Considering the last batch,” said Helen, “you deserve beating. You were asked to lecture, you were offered a degree, and some silly woman praised not only your books but your beauty–she said he was what Shelley would have been if Shelley had lived to fifty-five and grown a beard. Really, Ridley, I think you’re the vainest man I know,” she ended, rising from the table, “which I may tell you is saying a good deal.
The women put on cloaks and hats, and after inviting Ridley to come with them, which he emphatically refused to do, exclaiming that Rachel he expected to be a fool, but Helen surely knew better, they turned to go. He stood over the fire gazing into the depths of the looking-glass, and compressing his face into the likeness of a commander surveying a field of battle, or a martyr watching the flames lick his toes, rather than that of a secluded Professor.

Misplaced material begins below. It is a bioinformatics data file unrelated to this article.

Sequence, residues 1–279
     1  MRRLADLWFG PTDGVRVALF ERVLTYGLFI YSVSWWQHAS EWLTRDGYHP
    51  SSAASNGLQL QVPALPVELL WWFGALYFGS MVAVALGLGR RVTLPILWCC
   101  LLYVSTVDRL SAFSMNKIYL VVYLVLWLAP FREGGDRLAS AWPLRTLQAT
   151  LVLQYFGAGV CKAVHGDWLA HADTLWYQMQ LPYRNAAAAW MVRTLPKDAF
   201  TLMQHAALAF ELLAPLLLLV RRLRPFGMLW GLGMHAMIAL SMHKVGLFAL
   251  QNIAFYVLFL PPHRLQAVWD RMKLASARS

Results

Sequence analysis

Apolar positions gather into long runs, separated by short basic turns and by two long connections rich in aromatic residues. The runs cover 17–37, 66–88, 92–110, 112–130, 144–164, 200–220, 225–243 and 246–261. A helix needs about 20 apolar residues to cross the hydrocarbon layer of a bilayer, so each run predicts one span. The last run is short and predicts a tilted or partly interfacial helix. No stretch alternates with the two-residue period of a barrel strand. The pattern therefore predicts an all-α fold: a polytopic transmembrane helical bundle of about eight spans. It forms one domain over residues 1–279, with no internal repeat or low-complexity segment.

Seeing life” was the phrase they used for their habit of strolling through the town after dark. The social life of Santa Marina was carried on almost entirely by lamp-light, which the warmth of the nights and the scents culled from flowers made pleasant enough. The young women, with their hair magnificently swept in coils, a red flower behind the ear, sat on the doorsteps, or issued out on to balconies, while the young men ranged up and down beneath, shouting up a greeting from time to time and stopping here and there to enter into amorous talk. At the open windows merchants could be seen making up the day’s account, and older women lifting jars from shelf to shelf. The streets were full of people, men for the most part, who interchanged their views of the world as they walked, or gathered round the wine-tables at the street corner, where an old cripple was twanging his guitar strings, while a poor girl cried her passionate song in the gutter. The two Englishwomen excited some friendly curiosity, but no one molested them.